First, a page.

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Growing a global, 21st century concept of tikkun olam


Caryl M. Stern

I’m very excited about speaking at the JCC biennial convention this coming May.  As the U.S. and Canadian JCC Movement celebrates 100 years of helping others—and as JCC leaders “network, share and schmooze” for four days in Baltimore—you will also help shape the future of our communities, particularly for children, both locally and globally.  Children, after all, are our collective future.  That’s true whether we come from Maryland, Israel or Cambodia.  And, as we know, children are our most vulnerable community members.  But they also offer us the biggest opportunity to make the future better.

In New York City, where I live, Jewish community organizations have deep roots.  In the 19th century, caring for orphans—who were common back when adult life expectancies in the West were short—and helping Jewish immigrants, many of whom were refugees from Eastern European pogroms, helped define what it meant to be Jewish in the New World.  Motivated by a fierce commitment to tikkun olam—that concept from the Mishnah, of our responsibility to repair or perfect the world through acts of kindness—our Jewish forebears were determined to create a more humane society.

As the daughter of a woman who fled the Holocaust as a child and came to the United States without her mother or father, I’ve inherited a profound sense of the moral imperative to give back.  Because someone escorted my mother and her brother on the ship that brought them to this country, my mother believes even one person can make a difference.  I grew up in a home where that was a huge part of what we were taught as kids.

As the granddaughter of someone who served as his congregation’s volunteer cantor, the mother of three sons and, now, a grandmother, maintaining a sense of Jewish identity and community—and incorporating the value of helping others into our own family life—have always been important to me.  My sons participated in JCC summer camps in Queens and, of course, belonged to our local synagogue, going to Hebrew school as children.  My family still organizes a community seder at a local gym for 50 or more people on the second day of Passover.

These same moral values motivate me professionally, too.  Before becoming the president and CEO of the U.S. Fund for UNICEF, I worked for the Anti-Defamation League and helped roll out an international project that dealt with inclusion and exclusion, anti-bias and bigotry.

Leading the U.S. Fund has expanded my sense of tikkun olam further.  Since 2007, when I came to the U.S. Fund, I’ve learned that children are children everywhere, and so are moms. We all want the same things for our kids. It doesn’t matter what language you speak, what colors you wear, what faith you practice or what foods you eat.  When you sit down with a group of moms, you realize you share certain fundamental life experiences and understand each other.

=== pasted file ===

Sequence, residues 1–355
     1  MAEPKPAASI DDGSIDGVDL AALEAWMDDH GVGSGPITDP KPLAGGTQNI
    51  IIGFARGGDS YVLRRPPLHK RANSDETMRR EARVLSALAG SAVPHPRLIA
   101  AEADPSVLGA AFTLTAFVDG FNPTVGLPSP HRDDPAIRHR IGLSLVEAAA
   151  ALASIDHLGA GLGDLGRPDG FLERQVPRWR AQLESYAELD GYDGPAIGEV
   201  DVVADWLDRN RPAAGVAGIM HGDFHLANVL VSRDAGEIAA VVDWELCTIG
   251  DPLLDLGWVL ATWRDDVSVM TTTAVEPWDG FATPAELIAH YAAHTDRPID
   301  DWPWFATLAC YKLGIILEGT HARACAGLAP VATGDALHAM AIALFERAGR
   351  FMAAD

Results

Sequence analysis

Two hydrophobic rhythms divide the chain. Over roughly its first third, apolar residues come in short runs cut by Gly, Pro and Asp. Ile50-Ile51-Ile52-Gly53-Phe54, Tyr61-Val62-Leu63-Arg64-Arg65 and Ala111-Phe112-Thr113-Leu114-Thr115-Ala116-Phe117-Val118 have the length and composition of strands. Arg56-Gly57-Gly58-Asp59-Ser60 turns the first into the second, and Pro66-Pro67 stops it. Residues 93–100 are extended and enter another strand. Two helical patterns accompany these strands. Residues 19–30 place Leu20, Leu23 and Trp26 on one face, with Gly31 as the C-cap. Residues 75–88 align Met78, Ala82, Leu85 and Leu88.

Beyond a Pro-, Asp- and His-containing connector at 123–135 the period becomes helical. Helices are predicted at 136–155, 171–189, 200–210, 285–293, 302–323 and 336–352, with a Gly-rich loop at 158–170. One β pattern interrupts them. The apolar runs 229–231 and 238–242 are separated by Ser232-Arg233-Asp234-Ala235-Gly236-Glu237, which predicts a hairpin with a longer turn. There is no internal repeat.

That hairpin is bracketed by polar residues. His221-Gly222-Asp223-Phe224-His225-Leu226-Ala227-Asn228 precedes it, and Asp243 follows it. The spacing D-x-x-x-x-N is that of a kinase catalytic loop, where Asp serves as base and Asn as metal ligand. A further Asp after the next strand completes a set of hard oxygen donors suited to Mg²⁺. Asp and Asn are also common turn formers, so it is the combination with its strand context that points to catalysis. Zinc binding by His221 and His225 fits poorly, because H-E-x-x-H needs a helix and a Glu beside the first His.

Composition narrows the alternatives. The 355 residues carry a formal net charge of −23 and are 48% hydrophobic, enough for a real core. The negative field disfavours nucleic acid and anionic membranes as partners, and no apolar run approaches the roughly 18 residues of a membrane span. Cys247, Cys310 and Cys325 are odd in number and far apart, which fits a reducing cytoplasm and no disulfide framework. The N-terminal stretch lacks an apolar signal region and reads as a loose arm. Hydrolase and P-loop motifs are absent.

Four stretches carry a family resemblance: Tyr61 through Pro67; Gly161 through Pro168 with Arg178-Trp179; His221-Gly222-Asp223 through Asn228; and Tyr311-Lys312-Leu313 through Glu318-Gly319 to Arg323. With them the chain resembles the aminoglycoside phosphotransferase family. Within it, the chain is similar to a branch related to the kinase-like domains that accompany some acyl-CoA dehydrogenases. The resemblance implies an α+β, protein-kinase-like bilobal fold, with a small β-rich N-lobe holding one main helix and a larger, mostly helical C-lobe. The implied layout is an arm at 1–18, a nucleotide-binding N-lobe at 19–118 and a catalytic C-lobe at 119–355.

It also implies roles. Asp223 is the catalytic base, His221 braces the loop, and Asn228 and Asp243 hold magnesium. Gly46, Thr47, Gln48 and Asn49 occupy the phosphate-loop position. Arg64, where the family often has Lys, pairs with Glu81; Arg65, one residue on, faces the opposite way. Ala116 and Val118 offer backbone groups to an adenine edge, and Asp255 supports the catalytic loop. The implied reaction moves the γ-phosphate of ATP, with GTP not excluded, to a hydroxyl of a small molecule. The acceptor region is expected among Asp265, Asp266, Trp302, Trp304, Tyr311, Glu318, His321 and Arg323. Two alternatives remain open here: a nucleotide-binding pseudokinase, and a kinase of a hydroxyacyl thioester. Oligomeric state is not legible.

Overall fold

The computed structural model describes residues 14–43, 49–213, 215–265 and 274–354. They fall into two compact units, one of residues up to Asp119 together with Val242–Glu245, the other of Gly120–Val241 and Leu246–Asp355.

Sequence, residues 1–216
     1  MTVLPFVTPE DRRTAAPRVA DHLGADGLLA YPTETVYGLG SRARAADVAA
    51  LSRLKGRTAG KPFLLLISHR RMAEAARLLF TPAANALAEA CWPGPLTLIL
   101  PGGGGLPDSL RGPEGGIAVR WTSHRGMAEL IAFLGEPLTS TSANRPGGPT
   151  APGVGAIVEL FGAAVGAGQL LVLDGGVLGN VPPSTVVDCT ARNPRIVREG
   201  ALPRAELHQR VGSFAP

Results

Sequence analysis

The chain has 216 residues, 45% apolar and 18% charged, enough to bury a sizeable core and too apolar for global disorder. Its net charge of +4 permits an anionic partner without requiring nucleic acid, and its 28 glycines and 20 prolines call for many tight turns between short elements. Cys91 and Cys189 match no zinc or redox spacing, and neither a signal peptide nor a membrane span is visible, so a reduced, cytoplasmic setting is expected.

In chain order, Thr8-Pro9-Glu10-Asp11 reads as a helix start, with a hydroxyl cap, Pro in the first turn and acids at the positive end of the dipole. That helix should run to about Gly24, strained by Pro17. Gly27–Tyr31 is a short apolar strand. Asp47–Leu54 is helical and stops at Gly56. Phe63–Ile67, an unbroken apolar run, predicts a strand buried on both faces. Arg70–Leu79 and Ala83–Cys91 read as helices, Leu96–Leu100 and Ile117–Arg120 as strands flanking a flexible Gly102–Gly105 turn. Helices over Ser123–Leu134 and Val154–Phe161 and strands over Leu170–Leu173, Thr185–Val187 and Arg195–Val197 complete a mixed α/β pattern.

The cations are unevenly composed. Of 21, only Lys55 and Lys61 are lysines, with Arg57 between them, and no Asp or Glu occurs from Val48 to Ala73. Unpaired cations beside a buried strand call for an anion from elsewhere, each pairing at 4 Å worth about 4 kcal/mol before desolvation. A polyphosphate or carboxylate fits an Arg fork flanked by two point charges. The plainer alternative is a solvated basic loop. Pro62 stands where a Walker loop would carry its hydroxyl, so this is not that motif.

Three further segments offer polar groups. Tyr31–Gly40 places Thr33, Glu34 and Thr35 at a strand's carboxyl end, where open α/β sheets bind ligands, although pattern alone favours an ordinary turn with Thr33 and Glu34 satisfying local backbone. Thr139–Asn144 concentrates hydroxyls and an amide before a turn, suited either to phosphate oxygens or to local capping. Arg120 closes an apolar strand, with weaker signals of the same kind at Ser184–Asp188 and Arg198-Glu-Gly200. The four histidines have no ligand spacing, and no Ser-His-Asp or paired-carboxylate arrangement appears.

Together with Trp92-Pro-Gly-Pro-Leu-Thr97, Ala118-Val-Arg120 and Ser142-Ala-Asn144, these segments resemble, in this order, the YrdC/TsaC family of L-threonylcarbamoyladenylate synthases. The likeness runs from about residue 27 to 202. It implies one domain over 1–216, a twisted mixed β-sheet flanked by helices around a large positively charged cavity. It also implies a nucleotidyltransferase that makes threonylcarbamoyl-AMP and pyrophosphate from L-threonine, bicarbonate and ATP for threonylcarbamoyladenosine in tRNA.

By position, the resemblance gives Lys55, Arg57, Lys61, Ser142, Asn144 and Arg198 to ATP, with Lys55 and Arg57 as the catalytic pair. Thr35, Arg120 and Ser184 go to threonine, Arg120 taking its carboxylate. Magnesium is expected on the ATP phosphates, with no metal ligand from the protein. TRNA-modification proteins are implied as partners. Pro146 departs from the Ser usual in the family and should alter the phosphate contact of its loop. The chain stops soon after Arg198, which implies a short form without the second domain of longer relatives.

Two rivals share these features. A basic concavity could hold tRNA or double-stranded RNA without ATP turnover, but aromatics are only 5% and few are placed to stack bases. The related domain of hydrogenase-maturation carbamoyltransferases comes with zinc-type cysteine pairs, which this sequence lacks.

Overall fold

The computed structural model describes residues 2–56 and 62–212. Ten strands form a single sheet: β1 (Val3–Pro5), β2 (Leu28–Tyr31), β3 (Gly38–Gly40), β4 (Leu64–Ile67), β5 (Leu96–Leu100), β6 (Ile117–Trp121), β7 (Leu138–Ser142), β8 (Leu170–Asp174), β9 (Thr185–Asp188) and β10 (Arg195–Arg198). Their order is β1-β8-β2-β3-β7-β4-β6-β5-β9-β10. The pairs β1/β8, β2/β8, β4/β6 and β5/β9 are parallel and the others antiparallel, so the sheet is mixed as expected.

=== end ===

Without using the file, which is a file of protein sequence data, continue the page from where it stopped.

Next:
Working at the U.S. Fund has also forced me to confront some harsh realities about the vulnerabilities of children worldwide.   For instance, UNICEF estimates that, globally, 16,000 children die every day, mostly from preventable or treatable causes. Every 10 minutes, somewhere in the world, an adolescent girl dies as a result of violence. An estimated 30 million children are on the run today, fleeing armed conflict, extreme poverty or both.   Nearly half of all deaths in children under age 5 are attributable to undernutrition. This translates into the unnecessary loss of about three million young lives a year.

These are just some of the facts that underlie our support of UNICEF’s urgent work through fundraising, advocacy and public education. One of our newest campaigns, UNICEF Kid Power, which launched last October via a partnership with Star Wars: Force for Change and Target, directly targets global child malnutrition.  By getting active with the UNICEF Kid Power Band, American kids can go on missions to learn about new cultures and new places, earn points and unlock therapeutic food packets for severely malnourished children around the world.

But Kid Power is also designed to help our children understand what’s at stake for their peers globally, especially for kids elsewhere who face daunting obstacles our children may not experience.  Kid Power is about creating a global, 21st century concept of tikkun olam, in other words.  It’s also a great way for our children to enhance their own health and learn how to advocate on behalf of others.

What I’ve learned leading the U.S. Fund is that everyone has something to give, even if they can’t contribute money.  Awareness—and taking action—are crucial, too.  Most of all, I want the U.S. Fund to inspire everyone to put children first—especially the tens of millions of children worldwide who confront poverty, disease, war, and natural disasters without the help and infrastructure most of us take for granted.  Our mission is that simple and that important.

Caryl M. Stern is president and CEO of the U.S. Fund for UNICEF. She will be the kickoff keynote speaker at JCCs of North America Biennial.

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